By Madelyn Beck, NPR Illinois
Researchers at Argonne National Lab in Illinois and the National Renewable Energy Lab in
Colorado think that a rapidly growing energy sector may be a key opportunity. Not only could
pollinator habitat mitigate possible solar-field damage, like soil erosion and the loss of plant
species, but could actively help fortify the soil and environment.
Rob Davis with Minnesota-based nonprofit Fresh Energy, which advocates for things like
renewable energy, said putting pollinator habitat under solar panels could also be a boon for
rural areas. He said the combination gives landowners another form of steady income and helps pollinate crops around the area. Read more here.
Photo Credit: Rob Davis / Fresh Energy
By Catherine Morehouse, Utility Dive
[Xcel Energy Minnesota] plans to add 2,600 MW to 3,000 MW of solar generation by 2030 and all those projects will be required to disclose a completed copy scorecard for pollinator-friendly sites. Pollinator-friendly vegetation isn’t required in order for a project to be considered by the utility, but it will establish a precedent “of priorities and values,” Rob Davis, director of the center for pollinators in energy at Fresh Energy, told Utility Dive.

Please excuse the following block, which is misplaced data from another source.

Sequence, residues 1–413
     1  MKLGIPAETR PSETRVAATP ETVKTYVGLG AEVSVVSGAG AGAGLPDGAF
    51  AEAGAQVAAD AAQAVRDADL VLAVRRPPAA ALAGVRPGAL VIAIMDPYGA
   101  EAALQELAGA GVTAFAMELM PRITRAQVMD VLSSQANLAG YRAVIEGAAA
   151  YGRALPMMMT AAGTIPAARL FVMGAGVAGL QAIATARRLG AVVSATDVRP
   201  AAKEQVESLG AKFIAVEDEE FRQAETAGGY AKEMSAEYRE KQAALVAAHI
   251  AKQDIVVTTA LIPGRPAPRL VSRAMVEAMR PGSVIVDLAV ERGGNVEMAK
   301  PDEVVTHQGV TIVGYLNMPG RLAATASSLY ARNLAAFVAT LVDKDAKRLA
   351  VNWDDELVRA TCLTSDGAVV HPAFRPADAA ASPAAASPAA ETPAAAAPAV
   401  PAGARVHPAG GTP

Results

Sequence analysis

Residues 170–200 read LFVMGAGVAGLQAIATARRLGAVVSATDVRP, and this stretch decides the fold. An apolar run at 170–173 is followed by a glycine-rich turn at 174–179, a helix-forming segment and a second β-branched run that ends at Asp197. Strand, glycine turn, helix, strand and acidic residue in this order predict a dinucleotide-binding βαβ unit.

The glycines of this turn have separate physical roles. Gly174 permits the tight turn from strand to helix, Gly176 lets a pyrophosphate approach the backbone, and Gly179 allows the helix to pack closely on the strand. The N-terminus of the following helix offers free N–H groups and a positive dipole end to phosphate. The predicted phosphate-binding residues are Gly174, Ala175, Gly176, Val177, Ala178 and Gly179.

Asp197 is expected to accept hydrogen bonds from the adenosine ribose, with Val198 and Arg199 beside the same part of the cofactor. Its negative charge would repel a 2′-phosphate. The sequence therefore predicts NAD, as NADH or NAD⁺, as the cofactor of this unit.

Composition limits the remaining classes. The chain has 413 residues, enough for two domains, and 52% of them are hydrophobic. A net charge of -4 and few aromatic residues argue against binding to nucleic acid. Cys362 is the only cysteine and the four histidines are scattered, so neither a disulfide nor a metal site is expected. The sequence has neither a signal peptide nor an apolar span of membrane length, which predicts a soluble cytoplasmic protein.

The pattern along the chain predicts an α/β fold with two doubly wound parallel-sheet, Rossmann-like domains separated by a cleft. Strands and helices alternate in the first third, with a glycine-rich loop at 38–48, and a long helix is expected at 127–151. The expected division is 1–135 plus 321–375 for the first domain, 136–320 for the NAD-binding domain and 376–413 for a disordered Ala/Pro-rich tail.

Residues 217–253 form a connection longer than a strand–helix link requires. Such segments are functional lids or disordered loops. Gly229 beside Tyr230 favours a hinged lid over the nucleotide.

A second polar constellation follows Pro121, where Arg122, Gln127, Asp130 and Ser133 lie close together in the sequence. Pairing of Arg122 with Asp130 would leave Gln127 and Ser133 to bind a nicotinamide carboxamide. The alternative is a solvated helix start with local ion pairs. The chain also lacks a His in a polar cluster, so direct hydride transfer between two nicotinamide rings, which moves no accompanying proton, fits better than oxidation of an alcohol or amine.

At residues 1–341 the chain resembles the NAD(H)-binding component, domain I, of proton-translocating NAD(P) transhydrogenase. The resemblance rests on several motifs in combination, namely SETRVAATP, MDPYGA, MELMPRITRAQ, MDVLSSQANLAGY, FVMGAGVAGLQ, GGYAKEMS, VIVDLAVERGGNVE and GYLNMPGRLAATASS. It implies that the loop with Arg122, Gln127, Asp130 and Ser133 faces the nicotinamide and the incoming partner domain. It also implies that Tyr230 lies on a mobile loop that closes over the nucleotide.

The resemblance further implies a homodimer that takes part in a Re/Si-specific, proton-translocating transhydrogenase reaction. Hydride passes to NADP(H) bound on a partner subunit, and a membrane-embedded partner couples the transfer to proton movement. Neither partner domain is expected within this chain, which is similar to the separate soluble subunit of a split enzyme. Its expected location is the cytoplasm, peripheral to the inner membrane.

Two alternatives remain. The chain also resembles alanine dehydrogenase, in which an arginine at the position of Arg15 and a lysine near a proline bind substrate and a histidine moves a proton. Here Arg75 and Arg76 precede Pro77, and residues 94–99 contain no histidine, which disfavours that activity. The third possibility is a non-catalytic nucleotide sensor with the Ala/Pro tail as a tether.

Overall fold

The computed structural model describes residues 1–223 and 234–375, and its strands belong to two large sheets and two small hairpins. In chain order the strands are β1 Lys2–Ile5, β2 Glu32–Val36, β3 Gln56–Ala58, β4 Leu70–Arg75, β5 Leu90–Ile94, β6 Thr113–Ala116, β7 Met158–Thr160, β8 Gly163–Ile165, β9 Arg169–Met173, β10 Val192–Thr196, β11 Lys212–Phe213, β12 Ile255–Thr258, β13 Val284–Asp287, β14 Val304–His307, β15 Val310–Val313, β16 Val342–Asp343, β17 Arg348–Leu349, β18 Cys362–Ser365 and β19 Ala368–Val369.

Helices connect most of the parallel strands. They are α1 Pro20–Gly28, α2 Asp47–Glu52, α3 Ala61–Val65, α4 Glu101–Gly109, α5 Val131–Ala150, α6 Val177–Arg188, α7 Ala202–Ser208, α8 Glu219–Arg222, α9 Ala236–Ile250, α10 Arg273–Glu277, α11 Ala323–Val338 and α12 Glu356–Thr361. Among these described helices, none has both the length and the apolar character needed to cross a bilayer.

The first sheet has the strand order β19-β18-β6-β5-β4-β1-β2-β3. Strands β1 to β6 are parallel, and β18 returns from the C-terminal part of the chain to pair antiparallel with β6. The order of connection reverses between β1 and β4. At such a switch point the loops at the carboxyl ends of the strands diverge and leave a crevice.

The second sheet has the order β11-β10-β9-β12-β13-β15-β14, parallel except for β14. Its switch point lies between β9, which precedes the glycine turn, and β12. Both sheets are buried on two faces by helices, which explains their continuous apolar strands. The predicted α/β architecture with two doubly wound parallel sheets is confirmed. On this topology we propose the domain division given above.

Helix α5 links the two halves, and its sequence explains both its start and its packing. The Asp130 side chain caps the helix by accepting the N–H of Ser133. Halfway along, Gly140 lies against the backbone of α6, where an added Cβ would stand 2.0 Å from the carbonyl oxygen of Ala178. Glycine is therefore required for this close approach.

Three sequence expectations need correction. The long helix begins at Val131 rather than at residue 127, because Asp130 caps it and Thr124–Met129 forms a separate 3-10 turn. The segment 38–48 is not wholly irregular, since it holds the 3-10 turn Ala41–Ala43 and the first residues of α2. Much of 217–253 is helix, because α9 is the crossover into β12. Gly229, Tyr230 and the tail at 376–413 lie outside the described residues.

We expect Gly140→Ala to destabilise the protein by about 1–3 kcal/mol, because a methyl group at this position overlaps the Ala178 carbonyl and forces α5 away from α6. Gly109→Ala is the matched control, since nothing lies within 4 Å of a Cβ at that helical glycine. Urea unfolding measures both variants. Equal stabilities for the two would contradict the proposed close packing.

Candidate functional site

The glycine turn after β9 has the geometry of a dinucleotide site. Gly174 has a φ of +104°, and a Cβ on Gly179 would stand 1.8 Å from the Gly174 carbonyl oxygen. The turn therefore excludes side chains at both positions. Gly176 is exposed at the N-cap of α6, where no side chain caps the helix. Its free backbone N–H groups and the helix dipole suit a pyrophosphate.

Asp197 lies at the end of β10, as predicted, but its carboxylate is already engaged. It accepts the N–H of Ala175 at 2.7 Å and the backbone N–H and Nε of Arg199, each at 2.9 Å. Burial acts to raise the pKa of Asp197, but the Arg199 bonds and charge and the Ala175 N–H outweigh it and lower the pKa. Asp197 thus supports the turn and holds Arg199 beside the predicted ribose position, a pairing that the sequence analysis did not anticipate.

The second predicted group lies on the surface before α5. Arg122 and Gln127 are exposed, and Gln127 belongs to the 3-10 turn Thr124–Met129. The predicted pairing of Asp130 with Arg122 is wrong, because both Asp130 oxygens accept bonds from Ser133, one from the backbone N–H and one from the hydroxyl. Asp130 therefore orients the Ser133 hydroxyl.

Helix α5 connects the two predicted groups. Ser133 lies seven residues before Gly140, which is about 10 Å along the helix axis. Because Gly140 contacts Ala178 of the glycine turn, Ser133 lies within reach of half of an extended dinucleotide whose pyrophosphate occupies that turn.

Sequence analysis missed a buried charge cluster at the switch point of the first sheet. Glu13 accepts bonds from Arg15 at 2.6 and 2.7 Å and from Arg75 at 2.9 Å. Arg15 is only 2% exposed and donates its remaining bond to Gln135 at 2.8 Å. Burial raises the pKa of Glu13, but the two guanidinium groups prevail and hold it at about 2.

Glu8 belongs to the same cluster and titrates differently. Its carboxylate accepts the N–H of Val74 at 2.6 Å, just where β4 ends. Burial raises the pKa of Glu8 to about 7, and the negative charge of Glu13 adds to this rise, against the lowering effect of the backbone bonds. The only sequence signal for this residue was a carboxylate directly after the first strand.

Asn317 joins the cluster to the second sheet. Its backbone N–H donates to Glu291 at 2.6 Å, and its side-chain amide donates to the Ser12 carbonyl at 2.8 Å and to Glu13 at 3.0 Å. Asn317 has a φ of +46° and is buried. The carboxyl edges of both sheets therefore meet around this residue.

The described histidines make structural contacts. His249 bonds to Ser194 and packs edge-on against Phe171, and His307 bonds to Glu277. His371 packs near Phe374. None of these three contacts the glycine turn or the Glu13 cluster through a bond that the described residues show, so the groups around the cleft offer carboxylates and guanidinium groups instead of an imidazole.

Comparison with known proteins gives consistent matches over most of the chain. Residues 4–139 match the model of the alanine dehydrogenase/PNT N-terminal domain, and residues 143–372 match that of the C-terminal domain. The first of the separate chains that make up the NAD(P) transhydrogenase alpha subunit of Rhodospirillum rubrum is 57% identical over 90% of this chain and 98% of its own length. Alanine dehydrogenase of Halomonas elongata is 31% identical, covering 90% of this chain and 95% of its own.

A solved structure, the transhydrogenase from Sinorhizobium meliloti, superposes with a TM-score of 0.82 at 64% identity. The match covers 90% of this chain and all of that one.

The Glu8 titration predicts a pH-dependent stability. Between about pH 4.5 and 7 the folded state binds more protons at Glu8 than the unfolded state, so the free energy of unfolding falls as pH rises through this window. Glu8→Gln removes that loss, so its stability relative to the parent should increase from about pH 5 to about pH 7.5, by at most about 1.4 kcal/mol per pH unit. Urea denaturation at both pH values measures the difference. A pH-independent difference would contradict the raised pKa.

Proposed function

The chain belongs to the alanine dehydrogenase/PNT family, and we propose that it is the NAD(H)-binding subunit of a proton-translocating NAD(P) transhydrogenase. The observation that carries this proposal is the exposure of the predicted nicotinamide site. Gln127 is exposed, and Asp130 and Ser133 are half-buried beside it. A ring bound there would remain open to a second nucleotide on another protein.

Pollinator friendly solar sites are a growing trend among utilities seeking to more holistically reduce their ecological footprint. Sites are designated as “pollinator friendly” based on state legislation, which was first passed in Minnesota in 2016 and has since spread to five other states. Read more here.
Photo by Rob Davis, Fresh Energy
Kearney’s Solar Farm, comprising 22,464 panels on 53 acres at Tech oNE Crossing, is currently Nebraska’s largest. The 5.7-megawatt solar array’s generating capacity is enough to power about 900 houses or supply 5 percent of Kearney’s energy load.
An additional distinguishing feature of Kearney’s Solar Farm is that it is a nationally-recognized pollinator-friendly site, benefiting local food producers. Related stories:
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Photo by Engie Distributed Solar
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